Saturday, February 11, 2012

Freelancer’s Survival Guide | Kristine Kathryn Rusch

The Freelancer's Survival Guide
by Kristine Kathryn Rusch
Freelancer’s Survival Guide | Kristine Kathryn Rusch:

'via Blog this'

This book by Kristine Kathryn Rusch is available as both tree book and ebook.  It began as a series of blog posts on her website and those posts are still there.  I found my way there after reading the chapter on Discipline in the little book edited by Scott Nicholson, Write Good or Die which is a collection of essays by indie, freelance and self-pub authors on what they know about what worked for them.

I got my free ebook copy of Write Good or Die during Scott Nicholson's promo early this month.  I read several essays in it today but it was Kristine's that I was highlighting something on every screen and it was only Kristine's whose webpage link at the end I followed.

And then spent an hour exploring her site.

I've bookmarked the page on her blog that serves as table of contents for the posts that became this book.  I'm hoping I'll get as much out of the rest of the chapters as I got out of Discipline.

Write Good or Die
Edited by Scott Nicholson
One of the points she made that zinged for me was:

Discipline is not about forcing yourself to improve. It’s about wanting to get better.

But the one that zinged and now haunts me is:

Rather than “discipline” myself to overcome the temptation, I remove the temptation entirely.

This last accompanied her admission that to remove the temptation of email, games and other distractions often found on computers she had to remove the programs entirely off her writing computer.

Now it was just a couple months ago towards the end of NaNoWriMo that I wrote a post here making a snarky comment that maybe I needed to set up a separate desktop for writing that had no admin privileges and use a nanny program to block that desktop from use of the web, games and any other application that wasn't directly related to the writing task for that day.

I was at least half joking as the greater part of me continued to believe that if I could not be more disciplined than that I didn't deserve to succeed because I must not want it bad enough.  At the very least it made me childish and undependable to need such drastic measures to force me to do what I say is so very important to me.

But if a successful novelist with dozens of titles under several pen names has to go to such extremes as this and more (she had her husband hide her free reading books from her) then maybe I needn't see it as some kind of failure if I need to take similar measures.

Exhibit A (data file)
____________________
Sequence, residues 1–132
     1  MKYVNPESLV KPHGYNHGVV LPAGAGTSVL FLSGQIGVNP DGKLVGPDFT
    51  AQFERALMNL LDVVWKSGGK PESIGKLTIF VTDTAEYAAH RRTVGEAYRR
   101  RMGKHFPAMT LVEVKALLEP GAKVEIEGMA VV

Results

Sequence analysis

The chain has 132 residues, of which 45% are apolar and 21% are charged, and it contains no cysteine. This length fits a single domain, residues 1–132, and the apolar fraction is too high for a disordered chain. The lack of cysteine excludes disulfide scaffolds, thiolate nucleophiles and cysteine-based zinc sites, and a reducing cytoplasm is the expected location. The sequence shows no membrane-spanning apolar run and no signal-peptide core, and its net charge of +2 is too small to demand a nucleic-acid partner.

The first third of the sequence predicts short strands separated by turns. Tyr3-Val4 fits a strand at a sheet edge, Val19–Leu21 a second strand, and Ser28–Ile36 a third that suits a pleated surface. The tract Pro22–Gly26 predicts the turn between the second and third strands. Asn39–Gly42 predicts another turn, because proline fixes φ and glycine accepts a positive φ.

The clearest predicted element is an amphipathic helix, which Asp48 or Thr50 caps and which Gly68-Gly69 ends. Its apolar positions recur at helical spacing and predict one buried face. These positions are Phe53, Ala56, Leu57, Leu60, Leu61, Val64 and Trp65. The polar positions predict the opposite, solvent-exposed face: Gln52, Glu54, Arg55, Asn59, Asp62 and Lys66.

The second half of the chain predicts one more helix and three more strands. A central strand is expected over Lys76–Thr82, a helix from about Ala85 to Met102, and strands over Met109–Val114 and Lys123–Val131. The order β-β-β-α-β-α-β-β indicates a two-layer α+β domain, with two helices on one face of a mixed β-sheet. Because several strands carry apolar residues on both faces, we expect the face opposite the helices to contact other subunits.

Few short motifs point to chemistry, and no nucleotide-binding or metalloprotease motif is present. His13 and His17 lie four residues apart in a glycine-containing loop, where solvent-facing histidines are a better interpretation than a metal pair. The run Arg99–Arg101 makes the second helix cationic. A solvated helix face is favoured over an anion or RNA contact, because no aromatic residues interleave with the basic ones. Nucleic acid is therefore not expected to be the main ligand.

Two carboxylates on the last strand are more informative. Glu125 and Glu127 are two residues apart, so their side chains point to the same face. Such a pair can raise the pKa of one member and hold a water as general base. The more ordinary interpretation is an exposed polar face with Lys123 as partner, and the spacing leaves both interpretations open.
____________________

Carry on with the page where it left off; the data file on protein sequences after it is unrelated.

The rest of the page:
I can't afford to have a separate computer for writing so my concept of a separate desktop is the most viable one I can come up with at the moment.  Other than reverting to writing rough drafts with pencil and paper.  Which is how I did it before my first computer even once I had a typewriter.

My phobia of making mistakes in ink forced that on me.  I still remember my first encounter with a word processor.  My very first session on my Dad's Apple (green type on black screen) garnered me over 1000 words in the same amount of time I'd typically get 100 to 500 using pencil and paper.  I immediately began to see it as my writing salvation pinning all my hopes of success at my craft on having my own. A few months later I used student loan money to buy my Tandy 1000 EX which could do a little more than the Apple but was still not multi-media and you could only have one application loaded on the machine at once.

It should have been a big warning sign though when I discovered myself constantly fiddling with the color scheme for fonts, background and menus.  I wish I had realized I needed to nip that trend in the bud then and there for by the time we got our first multi-media Windows 95 a few years later my habit of distracting myself with whatever was at hand on the screen was hardwired and handing me a 'writing machine' with a hundred thousand distractions at my fingertips like Windows 95 was like inviting a vaudeville act, a circus and an army of hucksters into my office while demanding double productivity.

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